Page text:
While a large majority of our sample reported confidence in their treatment choice and satisfaction with the related outcome, a smaller proportion of our respondents, about 20%, definitively second-guessed their treatment choice, and over 5% were unsure if they had second thoughts. Additionally, about 20% of owners were either extremely or somewhat unsatisfied with the overall outcome of their treatment choice, while over 25% of owners reported a worse-than-expected patient outcome. These findings were not unique to any of the 3 treatment categories. Given the small proportion of our sample reporting these trends, we hope our study provides information to assist in informed decision-making of owners to promote confidence in treatment choices. To further mitigate owner dissatisfaction and second-guessing, incorporation of social workers into veterinary treatment teams has emerged as a promising strategy to aid in client counseling, education, and follow-up communication.26,27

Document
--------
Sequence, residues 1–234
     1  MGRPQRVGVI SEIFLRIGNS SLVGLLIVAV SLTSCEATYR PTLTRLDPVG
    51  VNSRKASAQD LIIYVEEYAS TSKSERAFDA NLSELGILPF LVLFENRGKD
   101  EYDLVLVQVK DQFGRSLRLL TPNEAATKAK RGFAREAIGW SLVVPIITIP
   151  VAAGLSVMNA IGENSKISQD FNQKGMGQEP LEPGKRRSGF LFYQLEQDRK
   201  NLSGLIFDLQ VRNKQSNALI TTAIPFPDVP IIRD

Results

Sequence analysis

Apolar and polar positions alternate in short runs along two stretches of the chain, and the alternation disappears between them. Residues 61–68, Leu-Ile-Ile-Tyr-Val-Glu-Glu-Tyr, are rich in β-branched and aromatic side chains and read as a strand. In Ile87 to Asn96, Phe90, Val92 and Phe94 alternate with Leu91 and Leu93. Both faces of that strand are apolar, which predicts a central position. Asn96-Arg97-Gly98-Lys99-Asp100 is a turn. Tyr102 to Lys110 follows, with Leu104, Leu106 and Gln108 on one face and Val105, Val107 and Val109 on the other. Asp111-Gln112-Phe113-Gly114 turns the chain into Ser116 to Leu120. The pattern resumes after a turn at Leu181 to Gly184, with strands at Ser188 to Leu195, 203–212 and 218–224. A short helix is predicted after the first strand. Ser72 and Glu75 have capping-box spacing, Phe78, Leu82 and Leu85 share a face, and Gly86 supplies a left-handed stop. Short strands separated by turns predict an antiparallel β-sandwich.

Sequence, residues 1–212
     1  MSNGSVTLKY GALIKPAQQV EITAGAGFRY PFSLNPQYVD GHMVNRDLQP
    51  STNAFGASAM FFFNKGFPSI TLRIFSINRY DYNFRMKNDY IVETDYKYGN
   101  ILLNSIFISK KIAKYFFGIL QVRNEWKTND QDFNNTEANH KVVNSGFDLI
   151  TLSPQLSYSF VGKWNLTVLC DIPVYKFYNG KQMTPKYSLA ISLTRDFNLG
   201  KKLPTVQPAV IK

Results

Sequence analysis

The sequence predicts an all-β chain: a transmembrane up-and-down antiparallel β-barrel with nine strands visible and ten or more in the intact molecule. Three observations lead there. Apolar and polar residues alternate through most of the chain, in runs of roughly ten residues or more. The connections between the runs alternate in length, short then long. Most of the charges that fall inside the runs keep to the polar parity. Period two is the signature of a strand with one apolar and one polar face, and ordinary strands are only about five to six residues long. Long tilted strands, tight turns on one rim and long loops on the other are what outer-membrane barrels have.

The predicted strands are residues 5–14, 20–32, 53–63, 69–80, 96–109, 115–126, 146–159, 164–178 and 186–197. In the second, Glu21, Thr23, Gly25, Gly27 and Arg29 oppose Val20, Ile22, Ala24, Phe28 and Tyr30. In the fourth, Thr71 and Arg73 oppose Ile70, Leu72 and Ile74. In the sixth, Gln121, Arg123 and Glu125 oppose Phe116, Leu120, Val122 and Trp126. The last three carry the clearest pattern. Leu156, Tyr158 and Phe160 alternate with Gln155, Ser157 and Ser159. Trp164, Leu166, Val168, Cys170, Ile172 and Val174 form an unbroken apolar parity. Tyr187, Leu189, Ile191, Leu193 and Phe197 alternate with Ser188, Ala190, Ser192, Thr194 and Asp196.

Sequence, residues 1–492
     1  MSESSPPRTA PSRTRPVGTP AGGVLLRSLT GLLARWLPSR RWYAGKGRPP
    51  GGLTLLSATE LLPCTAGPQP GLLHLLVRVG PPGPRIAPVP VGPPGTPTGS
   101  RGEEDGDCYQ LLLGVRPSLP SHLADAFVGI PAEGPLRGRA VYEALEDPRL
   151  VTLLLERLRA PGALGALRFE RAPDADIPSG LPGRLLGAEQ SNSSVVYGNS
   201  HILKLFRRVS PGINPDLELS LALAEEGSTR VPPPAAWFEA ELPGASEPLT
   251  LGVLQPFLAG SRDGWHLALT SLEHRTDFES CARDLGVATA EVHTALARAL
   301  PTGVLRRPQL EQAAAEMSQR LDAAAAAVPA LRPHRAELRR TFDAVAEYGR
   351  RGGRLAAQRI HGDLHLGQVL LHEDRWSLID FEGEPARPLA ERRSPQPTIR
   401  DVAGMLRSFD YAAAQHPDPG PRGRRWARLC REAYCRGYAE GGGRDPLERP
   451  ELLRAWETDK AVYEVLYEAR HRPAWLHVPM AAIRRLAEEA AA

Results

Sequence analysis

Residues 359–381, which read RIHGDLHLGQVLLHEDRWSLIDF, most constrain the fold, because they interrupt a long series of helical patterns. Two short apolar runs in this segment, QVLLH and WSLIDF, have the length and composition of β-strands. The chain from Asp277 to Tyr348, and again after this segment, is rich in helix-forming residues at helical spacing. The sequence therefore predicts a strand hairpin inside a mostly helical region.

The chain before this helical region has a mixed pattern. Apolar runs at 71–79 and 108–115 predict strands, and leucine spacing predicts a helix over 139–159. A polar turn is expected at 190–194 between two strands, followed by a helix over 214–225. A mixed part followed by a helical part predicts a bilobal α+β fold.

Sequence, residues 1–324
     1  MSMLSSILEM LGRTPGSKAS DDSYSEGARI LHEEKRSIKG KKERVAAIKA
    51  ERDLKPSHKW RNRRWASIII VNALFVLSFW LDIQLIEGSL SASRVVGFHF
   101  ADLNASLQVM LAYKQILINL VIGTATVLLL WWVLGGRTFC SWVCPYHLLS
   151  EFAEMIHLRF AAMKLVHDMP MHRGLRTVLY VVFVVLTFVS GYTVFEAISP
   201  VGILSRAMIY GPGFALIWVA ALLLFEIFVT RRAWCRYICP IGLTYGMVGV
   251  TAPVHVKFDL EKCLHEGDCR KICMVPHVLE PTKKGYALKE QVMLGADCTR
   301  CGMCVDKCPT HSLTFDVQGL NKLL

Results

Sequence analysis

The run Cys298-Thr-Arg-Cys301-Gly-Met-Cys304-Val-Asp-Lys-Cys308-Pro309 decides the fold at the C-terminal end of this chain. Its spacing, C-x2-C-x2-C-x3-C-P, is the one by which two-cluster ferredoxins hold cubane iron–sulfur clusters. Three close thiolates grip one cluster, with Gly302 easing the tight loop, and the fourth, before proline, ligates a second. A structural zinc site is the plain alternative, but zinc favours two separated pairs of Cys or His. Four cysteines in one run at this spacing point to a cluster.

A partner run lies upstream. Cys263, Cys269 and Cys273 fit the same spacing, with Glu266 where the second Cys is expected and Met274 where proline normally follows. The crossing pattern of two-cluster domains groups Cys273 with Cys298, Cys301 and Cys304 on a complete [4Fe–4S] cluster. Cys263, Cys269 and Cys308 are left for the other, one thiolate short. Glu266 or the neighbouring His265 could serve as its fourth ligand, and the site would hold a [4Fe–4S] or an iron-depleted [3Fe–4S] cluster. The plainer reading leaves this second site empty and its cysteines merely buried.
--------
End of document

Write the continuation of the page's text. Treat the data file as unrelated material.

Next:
The present study had several limitations. Owners responded to a retrospective survey sent by email, and data relied on owners’ ability to recall the factors impacting their treatment decision and satisfaction and emotions regarding that choice. Hence, the survey was prone to recall bias (follow-up times ranged from < 1 year to > 7 years) and nonrespondent bias. Further, the nonrandomized, nonblinded study design invoked a risk of observer bias, as owners who elected for surgery might have been more inclined to retroactively overestimate their pet’s QOL. Moreover, a validated veterinary QOL scoring system was not established in our study; therefore, owners were asked to rank their pet’s QOL on a 4-point Likert scale (1 = poor, 2 = fair, 3 = good, 4 = excellent). Differing interpretations of this subjective metric may have led to unreliability in QOL scores. Finally, through preoperative staging, a healthier group of individuals may have been selected for surgery, thereby skewing survival times.